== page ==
Billion-dollar portfolio purchases are making headlines, bond yields are still razor thin and REIT property values are still high. With industry conditions like these, the commercial real estate market is beginning to look a lot like 2006-2007, when it was racing toward a painful correction.
As the market heads toward the close of the year, industry experts are already wondering, “Are we seeing another bubble emerge in the real estate market, and if so, what is in the road up ahead?”
Investors have been bullish about real estate—and sending prices up—for at least five years. Indicators of a potentially overpriced market began appearing in October, after a string of blockbuster deals hit the market. Blackstone led a $5.3 billion purchase of the Stuyvesant Town-Peter Cooper Village apartment complex in New York City, and Starwood Capital Group, a global private investment firm, purchased a portfolio of 23,262 institutional-quality apartments from Equity Residential, also for $5.3 billion. Global Logistics Properties is expected to close on the purchase of Industrial Income Trust’s portfolio for $4.5 billion. It is just one deal that will push transactions in the industrial sector past 2014 volumes.
Signs of overheating are also emanating from the publicly-traded REIT sector, where premiums to unlevered asset values (UAV) had been escalating for about three years between 2010 and 2013. Those excess values have tempered somewhat, particularly in the last several months, yet UAV premiums of late have resembled where they were in the latter half of 2007, according to “The Ninth Inning,” a recent report from Newport Beach, Calif.-based research firm Green Street Advisors. Whenever those premiums have been rich, the market has seen outsized property appreciation.
“Values for institutional quality real estate have doubled in the past six years, and are now 20 percent above the prior peak that the market reached in 2007,” says Andy McCulloch, managing director of real estate analytics at Green Street. “This creates a level of fear, but are we in a bubble? Green Street doesn’t think so.”
Constructing a solid recovery
Asset values are close to a peak, yet solid economic drivers continue to promote healthy real estate development activity. Low oil prices have kept a firm rein on costs for construction, logistics and manufacturing, even when balanced out with rising labor costs. New developments on non-residential properties are increasing, and at a measured and sustainable pace, according to industry data. Total construction spending on commercial real estate is projected to be close to $360 billion in 2015, up 12.3 percent from last year.
Statistics from the American Institute of Architects (AIA) suggest that developers do not have to fear runaway construction expenses. If new construction hits the $390 billion projected for 2016, the industry would still be down 10 percent from its most recent high in 2008, according to the AIA.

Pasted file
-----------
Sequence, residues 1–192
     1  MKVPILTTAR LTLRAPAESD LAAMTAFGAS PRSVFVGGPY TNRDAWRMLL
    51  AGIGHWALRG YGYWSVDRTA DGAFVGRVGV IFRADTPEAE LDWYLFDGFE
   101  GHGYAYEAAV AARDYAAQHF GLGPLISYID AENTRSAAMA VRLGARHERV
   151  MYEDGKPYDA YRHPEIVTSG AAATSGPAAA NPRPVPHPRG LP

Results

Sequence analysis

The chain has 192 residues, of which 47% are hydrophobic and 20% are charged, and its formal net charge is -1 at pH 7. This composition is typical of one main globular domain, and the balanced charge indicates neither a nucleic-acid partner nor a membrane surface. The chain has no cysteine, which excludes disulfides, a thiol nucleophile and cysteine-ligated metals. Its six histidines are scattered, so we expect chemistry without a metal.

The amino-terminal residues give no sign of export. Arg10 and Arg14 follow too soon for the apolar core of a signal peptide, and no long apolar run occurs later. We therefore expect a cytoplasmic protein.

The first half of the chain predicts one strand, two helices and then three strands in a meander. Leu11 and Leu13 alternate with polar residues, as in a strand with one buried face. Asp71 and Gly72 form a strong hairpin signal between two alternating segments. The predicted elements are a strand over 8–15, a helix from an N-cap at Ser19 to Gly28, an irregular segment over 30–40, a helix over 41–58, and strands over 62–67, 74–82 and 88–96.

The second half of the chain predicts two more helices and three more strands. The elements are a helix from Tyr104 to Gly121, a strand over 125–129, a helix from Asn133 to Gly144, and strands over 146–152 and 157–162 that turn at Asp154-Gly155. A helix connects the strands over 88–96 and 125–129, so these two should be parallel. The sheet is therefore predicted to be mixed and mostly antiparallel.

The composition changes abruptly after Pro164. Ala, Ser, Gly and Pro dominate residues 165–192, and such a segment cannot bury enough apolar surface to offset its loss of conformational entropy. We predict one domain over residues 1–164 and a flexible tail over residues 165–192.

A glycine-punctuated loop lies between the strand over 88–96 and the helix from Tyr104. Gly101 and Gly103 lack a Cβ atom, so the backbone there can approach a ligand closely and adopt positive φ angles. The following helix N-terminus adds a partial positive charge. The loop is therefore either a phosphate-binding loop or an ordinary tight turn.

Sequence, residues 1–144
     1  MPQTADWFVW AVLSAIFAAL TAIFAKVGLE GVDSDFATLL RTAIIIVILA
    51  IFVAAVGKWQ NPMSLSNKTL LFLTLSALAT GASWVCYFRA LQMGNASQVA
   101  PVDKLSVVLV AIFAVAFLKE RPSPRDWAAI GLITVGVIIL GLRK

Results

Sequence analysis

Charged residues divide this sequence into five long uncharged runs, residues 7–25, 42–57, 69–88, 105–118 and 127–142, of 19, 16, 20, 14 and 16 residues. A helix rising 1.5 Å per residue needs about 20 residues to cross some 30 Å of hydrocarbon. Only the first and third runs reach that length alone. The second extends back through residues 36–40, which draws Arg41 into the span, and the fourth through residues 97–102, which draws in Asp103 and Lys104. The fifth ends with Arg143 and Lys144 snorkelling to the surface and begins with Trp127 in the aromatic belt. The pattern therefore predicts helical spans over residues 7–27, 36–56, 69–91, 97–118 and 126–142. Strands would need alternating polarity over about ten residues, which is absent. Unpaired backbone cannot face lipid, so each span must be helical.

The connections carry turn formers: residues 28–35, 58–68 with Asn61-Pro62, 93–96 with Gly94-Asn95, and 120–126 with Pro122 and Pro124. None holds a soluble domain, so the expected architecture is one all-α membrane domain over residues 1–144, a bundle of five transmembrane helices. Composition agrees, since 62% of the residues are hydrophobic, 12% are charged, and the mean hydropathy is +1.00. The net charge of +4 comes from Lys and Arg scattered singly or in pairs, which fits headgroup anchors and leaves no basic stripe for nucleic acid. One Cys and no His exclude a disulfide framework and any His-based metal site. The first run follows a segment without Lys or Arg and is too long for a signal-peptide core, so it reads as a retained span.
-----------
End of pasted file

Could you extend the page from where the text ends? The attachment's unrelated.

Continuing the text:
That might reassure professionals who are keeping a close eye on rising labor costs, as part of overall construction expenses. Corporations can expect to recoup some of those costs through consumer participation in the economy, according to Calvin Schnure, senior vice president of research and economic analysis for NAREIT, an organization that represents REITs.
“Rising labor costs will also boost consumer spending power, which will help make the fundamentals sustainable,” Schnure said. “As long as profit margins remain wide, executives will be happy with it.”
Using credit responsibly
Moderation appears to be key when it comes to using credit, too. Commercial banks drove new loan originations to $106.3 billion in 2014, helping commercial real estate finance volume reach a total of $399.8 billion last year, up 12 percent over 2013, according to the Mortgage Bankers Association (MBA), an industry trade group. Institutional investors, Fannie Mae and Freddie Mac, REITS, mortgage REITS and investment funds accounted for about $191 billion in production. Those are healthy numbers, but the financing market is lending at a much slower pace than during previous cycles.
“The CMBS market has only recently been active in bringing new capital into the market,” Schnure said. “Looking at the seven years that have passed, the industry has been largely refinancing existing debt, while it has been slow to increase the amount of new debt.”
When it comes to borrowing costs, the market has already factored a December interest rate increase into pricing for pending deals, so when industry professionals talk about an increase in the federal funds rate, they are talking about the Fed’s anticipated plan to slowly restore rates to previous historic levels.
“All of this noise is not about 25 basis points,” says Rick Jones, chair of the finance and real estate groups at Dechert LLP, an international law firm. “It’s about a return to the mean.”
If the Federal Reserve continues to increase borrowing costs after December, then the federal funds rate could be at 1.25 percent by next spring, when the lending environment will begin to look more familiar to those who have been in the business for 20 or 30 years, Jones said.